Mauling victim wants to be with his chimp
POMONA (AP) – A man badly mauled by chimpanzees while visiting his pet must find a mediator if he wants Moe the chimp to live near him again, a judge said.
Superior Court Judge Abraham Kahn ordered St. James Davis; his wife, LaDonna; and the city of West Covina to seek mediation over a stalled lawsuit settlement they reached four years ago. He also ordered both sides back to court in July.
In the meantime, Kahn urged the Davises to take down the “Free Moe” signs they’ve placed in front of their home.
Outside court Tuesday, Davis said he has not seen the pet he calls his “son” since his mauling last year. “I would heal a lot better if we could be together again,” he said. “I miss him with all my heart.”
Two male chimps escaped from their cages and attacked Davis while he was celebrating Moe’s birthday at a Kern County sanctuary in March 2005. They chewed or tore off his testicles, part of his face, most of his fingers and part of his left foot before a sanctuary worker shot them to death. His wife lost a thumb in the attack.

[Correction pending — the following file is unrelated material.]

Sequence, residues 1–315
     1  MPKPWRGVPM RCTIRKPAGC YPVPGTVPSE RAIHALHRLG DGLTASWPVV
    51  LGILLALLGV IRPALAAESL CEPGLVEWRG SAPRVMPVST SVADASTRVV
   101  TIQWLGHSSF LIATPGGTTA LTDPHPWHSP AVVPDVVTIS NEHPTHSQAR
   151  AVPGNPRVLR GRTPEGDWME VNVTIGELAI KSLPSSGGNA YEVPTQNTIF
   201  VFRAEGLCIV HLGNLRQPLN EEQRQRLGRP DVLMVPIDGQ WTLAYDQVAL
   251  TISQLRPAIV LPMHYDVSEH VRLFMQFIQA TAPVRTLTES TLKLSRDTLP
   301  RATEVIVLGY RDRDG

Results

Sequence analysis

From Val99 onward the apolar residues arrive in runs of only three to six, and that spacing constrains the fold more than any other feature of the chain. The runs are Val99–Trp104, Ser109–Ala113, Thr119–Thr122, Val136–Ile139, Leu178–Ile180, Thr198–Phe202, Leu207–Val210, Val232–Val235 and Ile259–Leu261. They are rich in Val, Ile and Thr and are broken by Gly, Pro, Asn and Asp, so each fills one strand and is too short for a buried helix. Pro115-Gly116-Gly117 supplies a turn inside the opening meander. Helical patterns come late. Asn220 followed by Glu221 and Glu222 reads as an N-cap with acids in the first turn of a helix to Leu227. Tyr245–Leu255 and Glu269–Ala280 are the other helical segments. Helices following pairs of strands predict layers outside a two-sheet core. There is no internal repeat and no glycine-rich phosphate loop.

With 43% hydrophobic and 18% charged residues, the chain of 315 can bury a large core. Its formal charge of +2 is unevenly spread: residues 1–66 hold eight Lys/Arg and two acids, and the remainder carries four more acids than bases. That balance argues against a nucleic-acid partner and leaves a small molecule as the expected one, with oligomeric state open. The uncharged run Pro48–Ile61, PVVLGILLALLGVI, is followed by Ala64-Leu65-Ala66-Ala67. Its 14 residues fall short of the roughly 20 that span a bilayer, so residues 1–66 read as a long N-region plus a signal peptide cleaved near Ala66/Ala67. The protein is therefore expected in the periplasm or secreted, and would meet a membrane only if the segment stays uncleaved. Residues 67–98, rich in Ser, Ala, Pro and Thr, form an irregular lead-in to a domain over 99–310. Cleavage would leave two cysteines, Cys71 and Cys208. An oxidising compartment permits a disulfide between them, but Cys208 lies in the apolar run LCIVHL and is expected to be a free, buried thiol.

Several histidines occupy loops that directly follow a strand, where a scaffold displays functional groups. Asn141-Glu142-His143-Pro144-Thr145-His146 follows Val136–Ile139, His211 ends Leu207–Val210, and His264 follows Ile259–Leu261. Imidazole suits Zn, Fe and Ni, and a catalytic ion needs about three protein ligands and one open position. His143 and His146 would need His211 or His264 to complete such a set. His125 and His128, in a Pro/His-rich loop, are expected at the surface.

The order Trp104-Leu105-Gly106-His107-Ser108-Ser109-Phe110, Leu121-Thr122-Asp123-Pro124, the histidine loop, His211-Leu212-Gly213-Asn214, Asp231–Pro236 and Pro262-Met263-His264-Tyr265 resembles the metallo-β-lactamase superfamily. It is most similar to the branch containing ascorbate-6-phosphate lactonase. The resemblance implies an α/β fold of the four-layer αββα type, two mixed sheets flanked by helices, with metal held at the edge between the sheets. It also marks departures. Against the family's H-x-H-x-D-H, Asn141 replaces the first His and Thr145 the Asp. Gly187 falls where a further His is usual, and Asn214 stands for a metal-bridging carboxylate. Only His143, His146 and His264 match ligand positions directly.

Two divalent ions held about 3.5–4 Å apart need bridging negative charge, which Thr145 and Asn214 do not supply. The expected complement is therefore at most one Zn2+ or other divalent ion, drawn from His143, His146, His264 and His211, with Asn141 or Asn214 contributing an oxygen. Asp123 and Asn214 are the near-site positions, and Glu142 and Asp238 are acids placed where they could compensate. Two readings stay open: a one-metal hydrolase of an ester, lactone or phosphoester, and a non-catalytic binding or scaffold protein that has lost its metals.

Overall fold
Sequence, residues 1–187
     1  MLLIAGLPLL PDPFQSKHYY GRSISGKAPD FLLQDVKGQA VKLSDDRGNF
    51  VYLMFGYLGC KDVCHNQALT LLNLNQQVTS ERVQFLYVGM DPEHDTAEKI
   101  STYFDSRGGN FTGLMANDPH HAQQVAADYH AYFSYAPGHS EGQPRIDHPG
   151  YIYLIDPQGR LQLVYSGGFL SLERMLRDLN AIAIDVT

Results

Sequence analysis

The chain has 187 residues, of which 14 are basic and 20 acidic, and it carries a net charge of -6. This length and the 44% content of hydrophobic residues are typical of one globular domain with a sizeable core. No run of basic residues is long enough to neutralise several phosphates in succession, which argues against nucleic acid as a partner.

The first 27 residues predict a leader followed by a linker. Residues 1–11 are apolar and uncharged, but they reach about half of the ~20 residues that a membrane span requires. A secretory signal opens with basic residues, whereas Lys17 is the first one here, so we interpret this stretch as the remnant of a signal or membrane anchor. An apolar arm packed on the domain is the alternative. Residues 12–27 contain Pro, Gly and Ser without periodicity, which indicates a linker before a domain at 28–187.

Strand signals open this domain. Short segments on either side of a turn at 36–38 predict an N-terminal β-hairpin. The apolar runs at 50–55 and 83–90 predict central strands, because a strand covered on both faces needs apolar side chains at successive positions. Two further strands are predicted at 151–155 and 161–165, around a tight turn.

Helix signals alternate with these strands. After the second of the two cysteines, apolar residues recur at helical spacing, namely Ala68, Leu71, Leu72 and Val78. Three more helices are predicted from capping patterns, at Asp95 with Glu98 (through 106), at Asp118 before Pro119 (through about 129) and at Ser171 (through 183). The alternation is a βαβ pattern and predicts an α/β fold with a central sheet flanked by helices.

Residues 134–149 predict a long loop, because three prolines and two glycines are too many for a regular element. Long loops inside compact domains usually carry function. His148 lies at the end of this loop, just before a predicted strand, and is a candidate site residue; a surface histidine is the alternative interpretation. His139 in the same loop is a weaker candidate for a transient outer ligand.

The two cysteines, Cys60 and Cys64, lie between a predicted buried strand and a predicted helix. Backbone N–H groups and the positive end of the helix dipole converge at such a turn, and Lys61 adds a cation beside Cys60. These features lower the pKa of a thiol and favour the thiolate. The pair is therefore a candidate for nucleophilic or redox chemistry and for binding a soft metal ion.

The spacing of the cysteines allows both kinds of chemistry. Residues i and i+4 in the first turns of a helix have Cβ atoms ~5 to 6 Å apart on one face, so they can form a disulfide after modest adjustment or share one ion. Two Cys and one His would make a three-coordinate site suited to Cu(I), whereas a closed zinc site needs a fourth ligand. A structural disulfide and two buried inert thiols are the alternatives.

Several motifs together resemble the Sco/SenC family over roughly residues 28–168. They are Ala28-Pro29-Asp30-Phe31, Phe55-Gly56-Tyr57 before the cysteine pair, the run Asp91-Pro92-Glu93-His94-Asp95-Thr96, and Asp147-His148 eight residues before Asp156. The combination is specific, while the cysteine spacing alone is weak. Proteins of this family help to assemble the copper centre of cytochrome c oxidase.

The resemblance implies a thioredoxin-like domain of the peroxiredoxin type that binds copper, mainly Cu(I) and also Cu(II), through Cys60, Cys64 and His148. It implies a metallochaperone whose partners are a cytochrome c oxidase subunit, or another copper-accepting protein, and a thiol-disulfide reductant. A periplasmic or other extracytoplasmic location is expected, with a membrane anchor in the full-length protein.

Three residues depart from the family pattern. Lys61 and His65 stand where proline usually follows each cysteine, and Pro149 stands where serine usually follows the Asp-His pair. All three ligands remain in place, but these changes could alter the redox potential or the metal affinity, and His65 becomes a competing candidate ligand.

Moe, who was not involved in the mauling, had lived with the Davises from 1960 until 1999 when West Covina officials removed him after he bit a woman. The Davises filed a civil rights lawsuit that was settled in 2002 with the city paying them $100,000 and agreeing to pay $225,000 to buy a home in neighboring Baldwin Park where Moe could live, Davis attorney Ernest Algorri said.
That part of the deal fell apart when Baldwin Park officials refused to let the 130-pound, immensely strong chimp into their city. The judge said rising real estate prices make it impossible now to buy a house for Moe at the agreed-upon price. He suggested both sides consult real estate experts.
West Covina City Attorney Arnold Alvarez-Glasman said the city wants a conclusion to the case and has “been very compassionate in trying to solve this very delicate problem.”
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